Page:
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Maven's Memories: First Steps Towards 1981 Cup

The Mike McEwen trade was a catalyst in helping the Islanders repeat in 1981

by Stan Fischler @StanFischler /

If a theme song could have been written for the New York Islanders after they captured their first Stanley Cup in the spring of 1980, it would have been titled, "We Did It Before -- And We Can Do It Again."

Granted that they emerged champions after a number of bitterly-fought series -- not to mention close calls -- but they survived as a young, healthy and determined band of Nassaumen.

"Once we traded for Butch Goring," said The Boss, Bowtie Bill Torrey, "we felt confident about our forwards from the first one through the fourth line. But one thing that I learned was never to stand pat."

Despite the many kudos heaped on Torrey and coach Al Arbour, the general staff knew that there would be no resting upon those laurels.

"I liked my team a lot," confirmed Arbour, "but, like Bill, I believed that we still could make it even stronger."

Ditto for Jim Devellano, the club's eyes-and-ears on the scouting front. Like his two bosses, Jimmy D detected an area that could use a more stable foundation.

"Our power play was good," Jimmy D explained, "but it was heavily relying on Denis Potvin to make it work. Denis needed a 'relief pitcher,' so to speak. Finding another PP quarterback was our challenge."

All hands agreed and, eventually, Torrey found a trading partner in Denver, Colorado, and a likely acquisition, a starting defenseman on the Colorado Rockies.

"We liked Mike McEwen," revealed Devellano, now Executive Vice-President of the Detroit Red Wings. "He'd been in our area when he played for the Rangers so we had a good idea of his potential.

"The thing was that Mike was as good a second quarterback for our power play who was available at the time. Our thinking was that -- if we could get McEwen -- he'd be just the guy to spell Denis Potvin on the PP."

Torrey scanned the field before making a move. In fact he waited until the eleventh-and-a-half hour before completing negotiations with the Rockies general staff. So far it was a deep, dark secret, unavailable to the media.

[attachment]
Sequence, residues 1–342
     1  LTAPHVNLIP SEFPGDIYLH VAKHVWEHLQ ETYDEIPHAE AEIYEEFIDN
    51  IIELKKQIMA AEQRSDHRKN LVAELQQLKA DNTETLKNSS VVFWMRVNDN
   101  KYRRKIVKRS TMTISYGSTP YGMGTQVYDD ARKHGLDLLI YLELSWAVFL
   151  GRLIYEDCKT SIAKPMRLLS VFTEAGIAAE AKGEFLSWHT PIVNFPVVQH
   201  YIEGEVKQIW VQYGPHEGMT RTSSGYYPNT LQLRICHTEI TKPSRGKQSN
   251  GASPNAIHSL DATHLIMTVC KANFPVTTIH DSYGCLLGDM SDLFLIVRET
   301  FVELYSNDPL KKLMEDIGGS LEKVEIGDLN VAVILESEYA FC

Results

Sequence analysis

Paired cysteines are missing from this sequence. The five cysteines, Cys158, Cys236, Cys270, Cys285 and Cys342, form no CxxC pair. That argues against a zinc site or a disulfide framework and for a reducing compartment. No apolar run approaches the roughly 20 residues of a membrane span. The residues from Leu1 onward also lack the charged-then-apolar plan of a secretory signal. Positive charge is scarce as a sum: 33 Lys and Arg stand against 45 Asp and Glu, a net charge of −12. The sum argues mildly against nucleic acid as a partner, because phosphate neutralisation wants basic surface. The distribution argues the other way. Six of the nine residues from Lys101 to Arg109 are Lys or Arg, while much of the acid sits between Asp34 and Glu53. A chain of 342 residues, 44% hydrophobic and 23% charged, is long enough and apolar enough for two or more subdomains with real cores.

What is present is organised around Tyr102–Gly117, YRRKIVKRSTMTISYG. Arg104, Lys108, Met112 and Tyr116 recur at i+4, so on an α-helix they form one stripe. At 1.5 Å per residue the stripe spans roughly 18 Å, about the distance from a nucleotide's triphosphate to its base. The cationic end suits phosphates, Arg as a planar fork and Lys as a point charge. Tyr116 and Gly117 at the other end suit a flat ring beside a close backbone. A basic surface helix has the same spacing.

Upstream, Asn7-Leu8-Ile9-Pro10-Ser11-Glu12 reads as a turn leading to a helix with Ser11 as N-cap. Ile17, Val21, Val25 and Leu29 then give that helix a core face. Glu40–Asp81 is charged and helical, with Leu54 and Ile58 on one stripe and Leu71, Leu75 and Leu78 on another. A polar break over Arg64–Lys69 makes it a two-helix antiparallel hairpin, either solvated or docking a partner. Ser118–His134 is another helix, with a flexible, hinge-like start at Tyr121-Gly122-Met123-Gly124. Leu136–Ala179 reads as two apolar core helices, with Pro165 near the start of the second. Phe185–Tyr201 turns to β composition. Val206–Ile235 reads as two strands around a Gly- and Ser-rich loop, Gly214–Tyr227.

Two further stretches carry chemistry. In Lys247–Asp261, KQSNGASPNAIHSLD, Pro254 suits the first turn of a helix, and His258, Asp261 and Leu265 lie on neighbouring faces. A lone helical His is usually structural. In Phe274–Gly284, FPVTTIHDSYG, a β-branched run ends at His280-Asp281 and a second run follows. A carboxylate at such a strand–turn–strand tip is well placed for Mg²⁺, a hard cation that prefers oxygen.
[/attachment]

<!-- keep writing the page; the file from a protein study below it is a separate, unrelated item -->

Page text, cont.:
"I got my man" Torrey exulted, "but I knew darn well that the guy I was giving up was one of the most popular players we had in all my years with the team."

Glenn (Chico) Resch, a hero of the Islanders 1975 first playoff run, was the goaltender Colorado demanded and received along with promising forward Steve Tambellini.

"I was on the team bus ready to take off with the other guys," Resch remembered. "But for some reason it was delayed for about a half-hour. Then, our assistant coach Lorne Henning came aboard.

"He told Steve and me to go with him to Al's office and, of course, we had a pretty good idea we'd played our last game for Radar."

Like the Isles-Kings deal that brought Butch Goring to Long Island exactly a year earlier, the exchange for McEwen was explicitly designed to snatch a second Stanley Cup for the Nassaumen.

"McEwen was the offensive defenseman and power play specialist we needed," wrote Mike Bossy in his autobiography, Boss. "But it saddened me to have to say good-bye to Chico."

"Some people thought that losing Chico would hurt," added Associated Press hockey writer Ben Olan. "After all, he'd come through with wins plenty of times when Billy Smith went into a slump."

But Torrey had that all figured out when his bird dogs discovered the French-Canadian puck-stopper Roland (Rollie The Goalie) Melanson.

Everyone on staff was certain that Melanson was NHL-ready; and he was!